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Emerging Method Enables More Effective and Timely Protein Imaging

By BiotechDaily International staff writers
Posted on 02 May 2012
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Image: Model from improved method of protein imaging (Photo courtesy of the University of Gothenburg.)
Image: Model from improved method of protein imaging (Photo courtesy of the University of Gothenburg.)
A unique new method for protein imaging has now been tested on a lipid phasic membrane protein with excellent results. The method remains X-ray based but uses technology that could replace current X-ray-based approaches and has potential to advance the challenging field of membrane protein structural biology rapidly. It also has potential to film a protein in motion – at the molecular level.

X-ray free-electron laser (X-FEL) based serial femtosecond crystallography (SFC) is an emerging method, which has now been successfully applied to record interpretable diffraction data from micrometer-sized lipidic sponge phase crystals of a bacterial photosynthetic-reaction center membrane protein.

Two major technical challenges for imaging proteins are to create the right sized protein crystals and then to irradiate them in such a way that they do not disintegrate. The commonly used type of technology is not sufficiently light intensive and therefore requires large protein crystals, which take several years to produce. In the new study published in the journal Nature Methods on January 29, 2012, scientists have shown that it is possible to use very small crystals to determine a membrane protein structure. In addition, “we have developed a new method of creating incredibly small protein crystals,” noted Linda Johansson, lead author of the article and doctoral student at the Department of Chemistry and Molecular Biology of the University of Gothenburg (Sweden).

Earlier, Richard Neutze, senior author and professor of biochemistry at the University of Gothenburg, and his research group were among the first in the world to image proteins using very short and intensive X-ray pulses. Neutze was one of the researchers to float the idea that it might be possible to image small-crystal protein samples using free-electron lasers, which emit intensive X-ray radiation in extremely short pulses. The kind of facility that could enable such work has been available in California since 2009, and it is this unique facility that was used for the current study.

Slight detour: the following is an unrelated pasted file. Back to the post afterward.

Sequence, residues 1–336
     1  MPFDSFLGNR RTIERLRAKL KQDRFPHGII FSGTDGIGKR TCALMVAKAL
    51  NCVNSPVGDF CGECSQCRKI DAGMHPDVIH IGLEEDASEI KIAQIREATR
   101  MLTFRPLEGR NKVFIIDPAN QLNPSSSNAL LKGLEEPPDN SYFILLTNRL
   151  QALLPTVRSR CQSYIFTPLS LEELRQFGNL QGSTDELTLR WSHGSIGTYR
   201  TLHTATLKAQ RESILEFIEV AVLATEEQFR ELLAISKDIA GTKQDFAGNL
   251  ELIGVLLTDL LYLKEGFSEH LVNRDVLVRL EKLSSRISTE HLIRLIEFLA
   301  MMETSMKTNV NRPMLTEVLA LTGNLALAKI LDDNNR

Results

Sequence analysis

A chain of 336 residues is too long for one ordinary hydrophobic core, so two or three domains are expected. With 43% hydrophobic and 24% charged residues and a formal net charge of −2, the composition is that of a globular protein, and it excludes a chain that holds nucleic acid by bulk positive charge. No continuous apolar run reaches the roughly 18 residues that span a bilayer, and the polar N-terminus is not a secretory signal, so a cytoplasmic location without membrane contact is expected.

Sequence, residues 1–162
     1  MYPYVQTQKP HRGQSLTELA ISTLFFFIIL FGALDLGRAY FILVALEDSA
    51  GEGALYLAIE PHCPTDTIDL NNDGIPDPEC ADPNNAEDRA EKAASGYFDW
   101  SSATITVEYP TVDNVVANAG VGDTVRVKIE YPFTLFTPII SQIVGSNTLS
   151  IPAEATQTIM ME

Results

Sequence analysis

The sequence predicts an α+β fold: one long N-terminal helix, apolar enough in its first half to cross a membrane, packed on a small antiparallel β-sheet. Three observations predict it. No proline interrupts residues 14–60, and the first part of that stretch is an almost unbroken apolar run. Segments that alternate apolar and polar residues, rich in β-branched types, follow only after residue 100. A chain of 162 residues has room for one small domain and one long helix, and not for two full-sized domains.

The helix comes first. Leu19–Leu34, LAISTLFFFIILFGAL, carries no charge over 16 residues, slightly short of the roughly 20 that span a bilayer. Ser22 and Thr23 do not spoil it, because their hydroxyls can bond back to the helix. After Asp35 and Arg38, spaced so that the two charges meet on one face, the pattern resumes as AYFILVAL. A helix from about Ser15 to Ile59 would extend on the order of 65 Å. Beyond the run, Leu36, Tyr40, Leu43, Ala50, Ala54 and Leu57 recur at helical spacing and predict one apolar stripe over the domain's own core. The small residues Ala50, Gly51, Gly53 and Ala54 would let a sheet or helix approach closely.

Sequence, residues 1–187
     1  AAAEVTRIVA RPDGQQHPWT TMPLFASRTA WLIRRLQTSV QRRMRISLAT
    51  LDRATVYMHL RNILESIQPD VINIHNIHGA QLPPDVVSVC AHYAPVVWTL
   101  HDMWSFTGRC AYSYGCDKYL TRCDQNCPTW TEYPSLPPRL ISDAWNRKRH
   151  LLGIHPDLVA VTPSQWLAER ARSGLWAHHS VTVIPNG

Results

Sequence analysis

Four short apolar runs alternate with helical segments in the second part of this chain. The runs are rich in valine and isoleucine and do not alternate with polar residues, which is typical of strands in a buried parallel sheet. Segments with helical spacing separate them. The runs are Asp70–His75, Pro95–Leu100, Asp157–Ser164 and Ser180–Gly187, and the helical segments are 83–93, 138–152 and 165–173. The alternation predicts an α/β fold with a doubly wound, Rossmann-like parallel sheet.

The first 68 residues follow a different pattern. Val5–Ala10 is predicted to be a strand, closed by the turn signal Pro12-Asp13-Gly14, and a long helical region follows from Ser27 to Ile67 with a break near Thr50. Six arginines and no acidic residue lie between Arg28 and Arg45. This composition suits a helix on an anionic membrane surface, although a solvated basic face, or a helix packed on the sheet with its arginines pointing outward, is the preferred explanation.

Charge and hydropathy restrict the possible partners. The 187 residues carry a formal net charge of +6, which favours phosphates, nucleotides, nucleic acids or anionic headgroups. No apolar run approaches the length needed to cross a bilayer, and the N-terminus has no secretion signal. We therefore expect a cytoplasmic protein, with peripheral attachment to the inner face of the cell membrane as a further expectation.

“Producing small protein crystals is easier and takes less time, so this method is much faster,” says Linda Johansson. “We hope that it’ll become the standard over the next few years. X-ray free-electron laser facilities are currently under construction in Switzerland, Japan, and Germany.”

Another key discovery was that far fewer images are needed to map the protein than previously believed. Using a free-electron laser it is possible to produce around 60 images per second, which meant that the team had over 365,000 images at its disposal. However, only 265 images were needed to create a three-dimensional model of the protein.

“We’ve managed to create a model of how this protein looks,” says Johansson; “The next step is to make films where we can look at the various functions of the protein, for example how it moves during photosynthesis.”

The study was an international collaboration carried out by researchers from Sweden, Germany, and the US.

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University of Gothenburg




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